And then came age thirty. The work I had accomplished in my twenties was finally realized. I had received several job promotions and my college curriculum was put on a fast track toward an MBA. Then I contracted a viral pneumonia. This is where my life took a drastic turn. The pneumonia eventually cleared, but I developed other problems that lingered. My joints hurt all the time. I was so fatigued. My brain was slow and felt thick like cream soup. I persistently ran a low-grade fever. My heart would start racing for no reason and I would come close to fainting without warning. It was scary.
A pattern emerged where I would pursue different doctors for a diagnoses. After I was told I was 'anxious', 'depressed' or just had a ‘weird lingering viral condition’, I would try to live my life as best as I could and continue on. Then I would come to a point where I could not take the illness any longer and I would seek, yet, another doctor. This cycle went on for many years. Fifteen years, to be exact.
Fortunately, and through much research, I found a doctor who looked promising. After the examination, his first question was "How long have you had fibromyalgia?" I had finally found someone who was really going to listen to me and possibly understand my health issues. This doctor not only diagnosed fibromyalgia, but ultimately diagnosed Undifferentiated Spondylarthropathy (USpA) - an autoimmune inflammatory arthritic disease and later, Autoimmune Autonomic Neuropathy (Dysautonomia/POTS) and Small Fiber Neuropathy.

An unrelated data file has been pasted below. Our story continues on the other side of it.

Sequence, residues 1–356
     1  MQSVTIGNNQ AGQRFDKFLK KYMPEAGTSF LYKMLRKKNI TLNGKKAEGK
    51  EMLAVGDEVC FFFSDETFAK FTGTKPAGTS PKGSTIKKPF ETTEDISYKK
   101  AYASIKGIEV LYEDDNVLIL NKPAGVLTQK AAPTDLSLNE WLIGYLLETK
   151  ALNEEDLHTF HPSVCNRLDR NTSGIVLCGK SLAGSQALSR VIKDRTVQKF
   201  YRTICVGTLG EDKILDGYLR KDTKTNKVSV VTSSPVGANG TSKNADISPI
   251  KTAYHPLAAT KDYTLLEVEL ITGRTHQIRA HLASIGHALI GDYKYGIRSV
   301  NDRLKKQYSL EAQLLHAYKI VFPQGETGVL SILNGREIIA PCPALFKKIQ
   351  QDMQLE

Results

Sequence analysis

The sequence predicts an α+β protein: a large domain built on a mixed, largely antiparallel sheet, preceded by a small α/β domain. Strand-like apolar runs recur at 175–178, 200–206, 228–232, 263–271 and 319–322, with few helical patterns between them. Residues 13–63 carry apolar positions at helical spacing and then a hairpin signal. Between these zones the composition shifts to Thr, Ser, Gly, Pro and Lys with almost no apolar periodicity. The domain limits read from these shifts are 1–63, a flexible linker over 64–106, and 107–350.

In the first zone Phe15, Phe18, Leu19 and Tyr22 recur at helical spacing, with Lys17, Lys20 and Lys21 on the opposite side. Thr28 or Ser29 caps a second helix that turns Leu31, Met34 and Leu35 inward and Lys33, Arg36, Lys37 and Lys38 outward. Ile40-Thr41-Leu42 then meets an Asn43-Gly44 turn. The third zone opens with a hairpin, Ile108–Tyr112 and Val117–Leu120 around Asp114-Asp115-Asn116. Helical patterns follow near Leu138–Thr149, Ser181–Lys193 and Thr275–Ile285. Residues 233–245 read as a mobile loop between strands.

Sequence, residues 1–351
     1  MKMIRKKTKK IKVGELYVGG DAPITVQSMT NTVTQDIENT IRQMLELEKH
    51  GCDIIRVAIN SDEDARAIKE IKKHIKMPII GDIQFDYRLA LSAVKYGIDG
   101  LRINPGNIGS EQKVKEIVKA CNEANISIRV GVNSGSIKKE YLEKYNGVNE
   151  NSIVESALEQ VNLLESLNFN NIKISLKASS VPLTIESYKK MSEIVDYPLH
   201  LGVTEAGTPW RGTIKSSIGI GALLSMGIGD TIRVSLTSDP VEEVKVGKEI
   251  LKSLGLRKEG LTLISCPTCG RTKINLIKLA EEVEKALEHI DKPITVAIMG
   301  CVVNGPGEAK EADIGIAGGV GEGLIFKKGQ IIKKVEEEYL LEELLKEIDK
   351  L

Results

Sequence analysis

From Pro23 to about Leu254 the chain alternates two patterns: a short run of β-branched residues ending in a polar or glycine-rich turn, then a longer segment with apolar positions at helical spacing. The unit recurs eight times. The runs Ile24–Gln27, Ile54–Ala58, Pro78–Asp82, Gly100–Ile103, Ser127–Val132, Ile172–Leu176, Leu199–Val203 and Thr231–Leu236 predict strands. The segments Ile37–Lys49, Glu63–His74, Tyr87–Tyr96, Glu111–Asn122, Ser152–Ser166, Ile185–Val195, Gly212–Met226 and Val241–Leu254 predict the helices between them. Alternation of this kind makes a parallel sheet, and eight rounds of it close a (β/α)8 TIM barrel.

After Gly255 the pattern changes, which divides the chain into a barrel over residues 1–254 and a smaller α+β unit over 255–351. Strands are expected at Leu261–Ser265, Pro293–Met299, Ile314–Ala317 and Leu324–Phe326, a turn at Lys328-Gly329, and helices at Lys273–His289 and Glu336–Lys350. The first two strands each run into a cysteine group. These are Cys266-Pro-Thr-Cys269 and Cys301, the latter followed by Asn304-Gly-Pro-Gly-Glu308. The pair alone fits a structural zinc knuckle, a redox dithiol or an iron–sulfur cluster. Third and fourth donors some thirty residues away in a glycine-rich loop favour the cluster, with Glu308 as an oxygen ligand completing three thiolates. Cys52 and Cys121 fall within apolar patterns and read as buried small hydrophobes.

Now, in having my diagnoses, I am properly treated with a concoction of drugs that, while it all makes my head spin, has helped to stabilize my illness and pain so that I can go forth, most days, in an upright position. But of course, I have my ups and downs. However, treating the pain is the easy part… The true challenge lies in day-to-day living.
I have learned from experience that a chronic illness will change your life. During my twenties, I worked so hard to establish an education, career and marriage. During my thirties, I worked so hard to maintain my education, career and marriage and my health. Today, my job as Vice President is long gone as I am unable to work and my degree remains unfinished. My marriage is intact and for that I am very grateful and fortunate. My husband and I have endured a lot of scrapes along the way because of my illness, but we manage. He is supportive, loving and understands when I am feeling poorly. Somehow, that makes the loss of my education, career and income much less important.
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